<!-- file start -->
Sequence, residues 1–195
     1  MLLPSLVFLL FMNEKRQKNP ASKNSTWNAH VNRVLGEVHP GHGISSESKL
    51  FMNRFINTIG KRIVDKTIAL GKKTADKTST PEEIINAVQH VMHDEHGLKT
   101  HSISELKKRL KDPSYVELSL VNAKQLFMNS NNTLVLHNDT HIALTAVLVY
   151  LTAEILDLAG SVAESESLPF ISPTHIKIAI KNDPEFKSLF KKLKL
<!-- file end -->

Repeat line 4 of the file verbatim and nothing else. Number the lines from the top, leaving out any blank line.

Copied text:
   101  HSISELKKRL KDPSYVELSL VNAKQLFMNS NNTLVLHNDT HIALTAVLVY